NEW YORK — It’s been said that betting on John Malone’s next move is a license to lose money. But with the stars so seemingly in alignment, it’s hard to resist a chance to puzzle over whether the gladiatorial dealmaker is preparing to re-enter the arena in a big way.
Wall Street watchers seem convinced that the media biz’s own Warren Buffett is ready to change Liberty Media’s course from being a holding company to a real operating company — and a programming company at that.
With a finger in virtually every piece of the media pie Malone is linked to every deal in Tinseltown and beyond. And there are certainly plenty of deals for the cash-rich, tax-averse Malone to choose from.
This month Malone may get the chance to buy control of QVC, he’s raking a fine-tooth comb over satcaster DirecTV, and he’s rumored to be in machinations with Barry Diller to buy all or some of Vivendi Universal Entertainment.
Malone is also still sitting on 50% of Discovery and Court TV, among others, has been busy upping his cable position in Japan and was twice frustrated in German cable.
Meanwhile, Malone’s Byzantine web of holdings trades at a steep discount to its total asset value, it’s got tax losses it’s not using efficiently, and it’s got $3 billion of cash in the bank.
It’s been a few years since the dealmaker formerly known as cable king orchestrated his last big coup: selling his TCI cable kingdom to AT&T for a bundle, then exiting the venture with the choice programming assets of Liberty Media happily intact.
But much has changed for the head of Denver-based Liberty in the past three years, starting with his company’s wilted share price.
Though Liberty’s holdings are masterfully hedged with $5 billion worth of sophisticated puts, calls and collars, the company’s shares lost 35% of their value over the last 12 months.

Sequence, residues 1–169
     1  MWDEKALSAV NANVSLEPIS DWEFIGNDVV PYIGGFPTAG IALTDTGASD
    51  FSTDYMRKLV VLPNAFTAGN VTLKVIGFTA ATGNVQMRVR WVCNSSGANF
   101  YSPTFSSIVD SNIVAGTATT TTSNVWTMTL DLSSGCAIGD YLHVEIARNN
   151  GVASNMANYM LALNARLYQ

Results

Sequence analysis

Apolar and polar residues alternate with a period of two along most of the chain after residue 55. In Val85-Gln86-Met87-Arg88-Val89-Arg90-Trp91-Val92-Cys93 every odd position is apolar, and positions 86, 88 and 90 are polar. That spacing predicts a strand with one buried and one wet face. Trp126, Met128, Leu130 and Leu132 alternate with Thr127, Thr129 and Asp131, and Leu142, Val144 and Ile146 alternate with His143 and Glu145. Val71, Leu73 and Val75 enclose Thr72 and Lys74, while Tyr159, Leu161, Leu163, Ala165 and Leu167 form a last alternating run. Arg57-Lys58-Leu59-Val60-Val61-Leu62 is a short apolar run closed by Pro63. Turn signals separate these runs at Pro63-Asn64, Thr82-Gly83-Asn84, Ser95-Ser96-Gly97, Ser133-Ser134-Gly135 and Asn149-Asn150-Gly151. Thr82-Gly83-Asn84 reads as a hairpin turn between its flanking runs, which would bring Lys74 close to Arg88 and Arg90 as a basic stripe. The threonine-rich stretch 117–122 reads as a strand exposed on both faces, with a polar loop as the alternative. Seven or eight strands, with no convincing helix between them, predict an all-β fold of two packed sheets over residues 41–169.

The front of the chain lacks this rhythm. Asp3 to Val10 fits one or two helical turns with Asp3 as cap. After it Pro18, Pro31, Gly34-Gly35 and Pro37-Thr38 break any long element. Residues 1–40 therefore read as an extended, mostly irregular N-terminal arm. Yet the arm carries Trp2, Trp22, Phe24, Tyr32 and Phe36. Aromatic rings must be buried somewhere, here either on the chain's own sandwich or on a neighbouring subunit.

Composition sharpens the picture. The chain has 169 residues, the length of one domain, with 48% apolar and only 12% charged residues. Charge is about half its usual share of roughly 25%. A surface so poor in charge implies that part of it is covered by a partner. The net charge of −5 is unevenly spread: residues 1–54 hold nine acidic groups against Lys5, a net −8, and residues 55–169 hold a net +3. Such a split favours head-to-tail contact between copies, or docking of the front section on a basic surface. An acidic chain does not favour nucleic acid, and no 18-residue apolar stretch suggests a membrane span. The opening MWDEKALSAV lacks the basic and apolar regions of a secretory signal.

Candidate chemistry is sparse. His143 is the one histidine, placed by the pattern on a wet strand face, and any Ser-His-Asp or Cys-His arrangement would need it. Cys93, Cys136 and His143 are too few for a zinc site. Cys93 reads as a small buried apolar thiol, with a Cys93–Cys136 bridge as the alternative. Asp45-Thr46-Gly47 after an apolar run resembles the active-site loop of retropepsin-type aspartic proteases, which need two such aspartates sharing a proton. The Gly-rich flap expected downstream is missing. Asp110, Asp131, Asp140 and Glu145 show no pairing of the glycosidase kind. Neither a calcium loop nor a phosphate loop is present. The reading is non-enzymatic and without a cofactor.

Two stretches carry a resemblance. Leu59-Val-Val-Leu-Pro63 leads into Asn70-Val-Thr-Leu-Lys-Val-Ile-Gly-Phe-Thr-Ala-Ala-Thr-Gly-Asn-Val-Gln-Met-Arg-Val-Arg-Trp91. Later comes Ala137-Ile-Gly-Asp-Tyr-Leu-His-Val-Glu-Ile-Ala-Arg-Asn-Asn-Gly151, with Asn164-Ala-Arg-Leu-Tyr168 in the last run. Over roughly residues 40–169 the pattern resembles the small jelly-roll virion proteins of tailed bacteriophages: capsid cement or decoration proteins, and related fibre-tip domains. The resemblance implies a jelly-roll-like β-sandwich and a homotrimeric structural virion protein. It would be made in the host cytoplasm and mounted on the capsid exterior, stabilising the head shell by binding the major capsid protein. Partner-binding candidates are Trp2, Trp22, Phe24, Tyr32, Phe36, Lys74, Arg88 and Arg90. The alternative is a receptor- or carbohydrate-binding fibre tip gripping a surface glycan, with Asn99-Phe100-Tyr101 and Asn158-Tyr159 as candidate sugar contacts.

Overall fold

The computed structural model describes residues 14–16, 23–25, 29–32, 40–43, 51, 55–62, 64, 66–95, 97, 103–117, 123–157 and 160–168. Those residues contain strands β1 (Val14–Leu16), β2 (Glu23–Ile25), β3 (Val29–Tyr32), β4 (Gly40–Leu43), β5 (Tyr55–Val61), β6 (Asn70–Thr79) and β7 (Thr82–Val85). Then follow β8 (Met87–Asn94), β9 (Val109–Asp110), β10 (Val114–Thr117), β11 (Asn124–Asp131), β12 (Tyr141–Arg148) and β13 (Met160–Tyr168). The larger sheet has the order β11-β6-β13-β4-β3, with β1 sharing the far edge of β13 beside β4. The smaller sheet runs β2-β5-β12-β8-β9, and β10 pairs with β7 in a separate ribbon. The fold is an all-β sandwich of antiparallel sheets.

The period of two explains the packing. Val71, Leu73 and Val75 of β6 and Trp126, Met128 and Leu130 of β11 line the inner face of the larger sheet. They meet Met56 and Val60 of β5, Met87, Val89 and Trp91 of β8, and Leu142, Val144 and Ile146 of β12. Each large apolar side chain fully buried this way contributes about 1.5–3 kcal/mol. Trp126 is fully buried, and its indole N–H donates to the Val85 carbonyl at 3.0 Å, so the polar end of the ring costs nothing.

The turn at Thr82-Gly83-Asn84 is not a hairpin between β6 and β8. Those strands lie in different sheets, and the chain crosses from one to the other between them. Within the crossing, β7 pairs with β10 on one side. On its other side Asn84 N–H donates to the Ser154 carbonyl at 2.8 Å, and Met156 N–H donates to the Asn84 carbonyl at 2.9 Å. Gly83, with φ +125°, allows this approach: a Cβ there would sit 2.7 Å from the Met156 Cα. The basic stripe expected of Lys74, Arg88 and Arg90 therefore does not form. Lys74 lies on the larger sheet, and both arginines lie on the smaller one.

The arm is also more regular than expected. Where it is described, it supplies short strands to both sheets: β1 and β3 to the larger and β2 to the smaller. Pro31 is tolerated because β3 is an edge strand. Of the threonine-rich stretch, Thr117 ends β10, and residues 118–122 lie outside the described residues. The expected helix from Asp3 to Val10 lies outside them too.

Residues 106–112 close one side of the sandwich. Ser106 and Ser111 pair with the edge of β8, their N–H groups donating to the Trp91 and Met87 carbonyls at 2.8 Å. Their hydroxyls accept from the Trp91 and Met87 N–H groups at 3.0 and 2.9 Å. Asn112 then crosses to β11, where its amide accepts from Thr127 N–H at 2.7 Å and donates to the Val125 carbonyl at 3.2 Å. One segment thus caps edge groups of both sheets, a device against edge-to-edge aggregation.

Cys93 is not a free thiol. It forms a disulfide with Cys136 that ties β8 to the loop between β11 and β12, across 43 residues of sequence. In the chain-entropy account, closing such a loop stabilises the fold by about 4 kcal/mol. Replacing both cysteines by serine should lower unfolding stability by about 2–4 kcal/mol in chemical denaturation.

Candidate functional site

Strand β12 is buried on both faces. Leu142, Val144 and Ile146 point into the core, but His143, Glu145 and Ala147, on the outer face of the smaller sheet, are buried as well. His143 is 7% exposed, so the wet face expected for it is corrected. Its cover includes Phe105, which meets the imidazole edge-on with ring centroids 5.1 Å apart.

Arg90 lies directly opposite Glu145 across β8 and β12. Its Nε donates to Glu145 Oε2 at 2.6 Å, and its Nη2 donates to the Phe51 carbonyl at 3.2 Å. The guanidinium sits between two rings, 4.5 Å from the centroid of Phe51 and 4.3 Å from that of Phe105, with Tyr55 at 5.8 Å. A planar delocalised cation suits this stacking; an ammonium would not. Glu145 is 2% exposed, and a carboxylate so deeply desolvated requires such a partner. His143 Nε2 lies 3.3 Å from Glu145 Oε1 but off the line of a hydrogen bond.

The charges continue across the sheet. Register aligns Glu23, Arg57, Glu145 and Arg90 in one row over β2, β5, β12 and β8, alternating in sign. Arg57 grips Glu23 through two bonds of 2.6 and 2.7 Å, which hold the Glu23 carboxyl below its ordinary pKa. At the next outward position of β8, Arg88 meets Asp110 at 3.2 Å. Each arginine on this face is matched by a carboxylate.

The company is frequently criticized for better resembling a tax-efficient hedge fund than an operating media company. There are some 47 private and public companies in Liberty’s global media/telecoms portfolio (a testament to Malone’s preference for taking stock in lieu of cash deals), only around nine of which are majority-held.
Analysts say Liberty’s just too darn confusing for most money managers.
“He’s so focused on tax efficiency that the company has lost sight of its strategic direction,” says one New York-based fund manager who believes that unless Malone starts monetizing some private assets like Discovery, the company can’t unlock value.
The company insists it has no intention of selling any big pieces of its sprawling empire, and it is actively buying back its own stock to exploit the perceived undervaluation.
But Liberty also has been building a war chest and last week hinted it might sell its 4% (hedged) stake in AOL Time Warner.
The most immediate transformational deal at hand is home-shopping net QVC, valued at around $13 billion. Malone triggered the exit clause on Liberty’s joint venture with Comcast earlier this month, and a Liberty exec told a recent investment conference that it thinks QVC is a fantastic asset and wants the chance to buy out Comcast’s 58% stake in the home-shopping net.
Liberty has good reasons to seize the reins at QVC, including a chance to use some $2 billion in net operating and investment losses to shelter the home shopper’s prodigious profits. It would also fend off SEC concerns that Liberty should be reclassified as an investment company.
But even with a growing cash pile, to orchestrate a truly gigantic deal of Viv U proportions or attempt multiple buys like QVC and DirecTV simultaneously, Malone would have to liquidate some of his holdings and — god forbid — pay taxes.
Don’t bet on it.